In September 2016, the Virginia Department of Transportation (VDOT) took a step to increase safety on our roads. On some portions of Interstates 81 and 95, new signs were to warn drivers: Above 80 miles per hour is reckless driving. Penalties higher.
“Though it’s not a new law, many drivers may not realize that they can be charged with reckless driving for traveling 10 mph over the speed limit in a 70 mph zone,” the VDOT release said.
Whether from in state or out of state, your speedometer reading can result in a Class 1 misdemeanor, with penalties of up to a $2,500 fine and one year in jail. Now, the General Assembly is considering bills that would relax the threshold for reckless driving from 80 to 85 mph on those high-speed interstate highways.
Not so fast: Speed is one of the highest risk factors in crashes. Whether you’re traveling 79, 81, 84 or 86 mph , you’re putting fellow drivers in danger. Loosening reckless driving standards detracts from safer practices on our roads and makes us wonder: Are we considering the bigger picture?
Exceeding the speed limit is one of more than a dozen behaviors that the Code of Virginia outlines as reckless and improper. What if VDOT manufactured warning signs for:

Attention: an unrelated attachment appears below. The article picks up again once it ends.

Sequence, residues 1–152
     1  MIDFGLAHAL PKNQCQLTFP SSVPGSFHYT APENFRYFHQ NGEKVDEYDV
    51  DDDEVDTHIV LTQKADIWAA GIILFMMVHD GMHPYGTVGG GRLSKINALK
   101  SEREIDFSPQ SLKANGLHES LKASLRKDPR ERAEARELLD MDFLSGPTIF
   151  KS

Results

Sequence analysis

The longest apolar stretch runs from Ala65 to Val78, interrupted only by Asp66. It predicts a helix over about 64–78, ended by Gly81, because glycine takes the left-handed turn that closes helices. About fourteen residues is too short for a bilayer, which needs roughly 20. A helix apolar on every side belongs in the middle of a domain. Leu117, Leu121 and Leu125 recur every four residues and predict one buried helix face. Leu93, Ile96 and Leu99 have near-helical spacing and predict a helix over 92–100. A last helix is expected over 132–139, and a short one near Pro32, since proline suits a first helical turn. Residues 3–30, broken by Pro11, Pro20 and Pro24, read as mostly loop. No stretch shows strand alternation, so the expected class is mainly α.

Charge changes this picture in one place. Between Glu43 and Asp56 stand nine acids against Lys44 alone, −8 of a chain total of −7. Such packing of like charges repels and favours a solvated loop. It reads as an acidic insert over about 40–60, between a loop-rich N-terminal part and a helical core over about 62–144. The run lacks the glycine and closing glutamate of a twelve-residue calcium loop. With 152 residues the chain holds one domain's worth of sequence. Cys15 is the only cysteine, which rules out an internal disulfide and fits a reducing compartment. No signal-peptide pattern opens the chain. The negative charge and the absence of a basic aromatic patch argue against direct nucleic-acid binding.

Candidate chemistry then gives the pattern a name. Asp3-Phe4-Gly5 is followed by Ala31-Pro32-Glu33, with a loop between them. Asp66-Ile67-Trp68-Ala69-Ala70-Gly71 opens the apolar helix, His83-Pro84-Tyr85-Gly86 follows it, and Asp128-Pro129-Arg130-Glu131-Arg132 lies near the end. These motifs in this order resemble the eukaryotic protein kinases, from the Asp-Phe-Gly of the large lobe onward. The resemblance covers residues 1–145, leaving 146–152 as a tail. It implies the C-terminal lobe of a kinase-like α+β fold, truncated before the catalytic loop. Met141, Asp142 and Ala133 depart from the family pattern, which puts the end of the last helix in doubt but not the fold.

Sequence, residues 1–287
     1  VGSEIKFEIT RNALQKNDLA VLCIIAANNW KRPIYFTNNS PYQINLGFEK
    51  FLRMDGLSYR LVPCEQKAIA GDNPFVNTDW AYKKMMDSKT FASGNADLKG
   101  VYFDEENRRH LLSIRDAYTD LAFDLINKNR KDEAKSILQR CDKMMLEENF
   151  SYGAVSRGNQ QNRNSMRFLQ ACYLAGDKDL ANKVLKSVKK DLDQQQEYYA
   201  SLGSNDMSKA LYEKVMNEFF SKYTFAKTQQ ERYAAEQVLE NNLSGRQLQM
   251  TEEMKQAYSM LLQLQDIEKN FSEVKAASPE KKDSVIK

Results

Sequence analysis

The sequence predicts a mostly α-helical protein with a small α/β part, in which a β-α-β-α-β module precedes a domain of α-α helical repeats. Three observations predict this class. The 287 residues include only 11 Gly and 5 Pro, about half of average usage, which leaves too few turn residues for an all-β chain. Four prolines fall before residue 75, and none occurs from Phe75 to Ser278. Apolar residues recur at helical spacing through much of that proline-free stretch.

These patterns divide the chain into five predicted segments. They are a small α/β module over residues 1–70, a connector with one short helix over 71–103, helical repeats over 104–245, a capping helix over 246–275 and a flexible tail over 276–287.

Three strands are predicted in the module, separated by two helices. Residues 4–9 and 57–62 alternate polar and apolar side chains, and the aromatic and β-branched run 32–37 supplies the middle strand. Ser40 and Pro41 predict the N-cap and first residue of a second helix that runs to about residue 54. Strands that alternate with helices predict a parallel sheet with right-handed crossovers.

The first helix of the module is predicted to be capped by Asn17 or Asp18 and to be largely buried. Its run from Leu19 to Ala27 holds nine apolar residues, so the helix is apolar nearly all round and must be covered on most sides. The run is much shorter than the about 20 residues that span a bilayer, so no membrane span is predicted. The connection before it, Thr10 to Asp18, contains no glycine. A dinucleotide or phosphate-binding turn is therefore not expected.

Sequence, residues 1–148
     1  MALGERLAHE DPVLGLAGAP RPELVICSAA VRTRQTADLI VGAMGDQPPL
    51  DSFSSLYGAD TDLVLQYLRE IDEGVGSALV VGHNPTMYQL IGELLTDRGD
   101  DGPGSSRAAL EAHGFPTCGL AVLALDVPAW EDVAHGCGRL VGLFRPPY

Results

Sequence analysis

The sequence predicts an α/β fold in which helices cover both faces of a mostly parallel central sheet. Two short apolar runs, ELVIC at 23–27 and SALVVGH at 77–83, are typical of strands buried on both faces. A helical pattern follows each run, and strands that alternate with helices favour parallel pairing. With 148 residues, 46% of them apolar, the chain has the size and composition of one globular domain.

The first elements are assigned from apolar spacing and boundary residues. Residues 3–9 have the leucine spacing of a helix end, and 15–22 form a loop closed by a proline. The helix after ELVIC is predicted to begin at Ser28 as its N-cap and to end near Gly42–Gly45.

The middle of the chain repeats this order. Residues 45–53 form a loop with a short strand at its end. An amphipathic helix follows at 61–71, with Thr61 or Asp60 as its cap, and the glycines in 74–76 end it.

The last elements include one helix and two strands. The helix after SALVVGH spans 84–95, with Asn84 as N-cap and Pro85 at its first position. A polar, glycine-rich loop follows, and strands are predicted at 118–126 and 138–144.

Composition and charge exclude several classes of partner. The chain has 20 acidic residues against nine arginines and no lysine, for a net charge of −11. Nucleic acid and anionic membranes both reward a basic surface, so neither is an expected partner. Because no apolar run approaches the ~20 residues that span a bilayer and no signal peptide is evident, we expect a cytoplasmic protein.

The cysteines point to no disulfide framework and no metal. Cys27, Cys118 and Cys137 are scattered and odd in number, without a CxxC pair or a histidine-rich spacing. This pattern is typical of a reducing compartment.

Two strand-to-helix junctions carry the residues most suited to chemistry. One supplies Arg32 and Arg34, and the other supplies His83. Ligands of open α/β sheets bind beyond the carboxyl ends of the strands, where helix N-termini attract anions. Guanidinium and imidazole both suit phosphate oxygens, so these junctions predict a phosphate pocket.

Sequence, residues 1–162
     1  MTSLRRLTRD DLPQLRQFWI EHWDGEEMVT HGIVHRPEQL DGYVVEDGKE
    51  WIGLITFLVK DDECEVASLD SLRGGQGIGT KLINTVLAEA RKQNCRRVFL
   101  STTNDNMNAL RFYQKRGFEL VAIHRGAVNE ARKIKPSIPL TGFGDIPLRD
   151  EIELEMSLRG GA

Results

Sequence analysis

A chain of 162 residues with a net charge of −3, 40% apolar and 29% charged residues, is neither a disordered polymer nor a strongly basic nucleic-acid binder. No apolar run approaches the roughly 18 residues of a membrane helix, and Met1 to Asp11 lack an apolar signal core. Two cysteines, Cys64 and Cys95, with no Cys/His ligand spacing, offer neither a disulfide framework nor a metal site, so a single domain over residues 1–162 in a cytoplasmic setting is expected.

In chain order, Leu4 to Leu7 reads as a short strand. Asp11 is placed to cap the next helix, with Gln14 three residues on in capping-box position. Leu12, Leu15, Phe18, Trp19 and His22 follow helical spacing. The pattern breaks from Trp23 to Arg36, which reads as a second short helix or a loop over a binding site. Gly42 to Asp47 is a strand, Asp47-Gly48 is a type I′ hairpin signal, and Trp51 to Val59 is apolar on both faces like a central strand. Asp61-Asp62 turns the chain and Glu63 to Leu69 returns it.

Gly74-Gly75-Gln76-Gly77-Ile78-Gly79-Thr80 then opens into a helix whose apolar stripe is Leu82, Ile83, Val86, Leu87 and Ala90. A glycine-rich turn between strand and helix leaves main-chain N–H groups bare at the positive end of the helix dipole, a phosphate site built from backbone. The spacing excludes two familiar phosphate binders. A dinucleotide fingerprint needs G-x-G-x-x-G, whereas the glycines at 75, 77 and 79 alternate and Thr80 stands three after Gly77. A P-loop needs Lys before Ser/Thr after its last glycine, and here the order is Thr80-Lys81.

§ 46.2-854: Passing on or at the crest of a grade or on a curve
§ 46.2-860: Failing to give proper signals
§ 46.2-861: Driving too fast for highway and traffic conditions
§ 46.2-863: Failure to yield right-of-way
What if reckless driving was enforced through the catch-all section of the code?
§ 46.2-852: Reckless driving; general rule. “Irrespective of the maximum speeds permitted by law, any person who drives a vehicle on any highway recklessly or at a speed or in a manner so as to endanger the life, limb, or property of any person shall be guilty of reckless driving.”
According to the Virginia Highway Safety Office, 25,892 traffic crashes were speed-related in 2018, resulting in 13,346 injuries and 339 deaths. Those numbers should go down, not up.
We’re for comprehensive road safety measures, from ending handheld cellphone use behind the wheel to funding transportation initiatives that address critical infrastructure needs. Compared to other states, Virginia has a generous speed limit of 70 mph for rural and urban interstates.
We understand the sentiment of lawmakers like Sen. David Suetterlein, R-Roanoke County, who spoke forcefully against the idea that traveling 11 miles per hour over the speed limit warrants the jail time or fines. But if the punishment doesn’t fit the crime, let’s consider solutions other than higher speeds.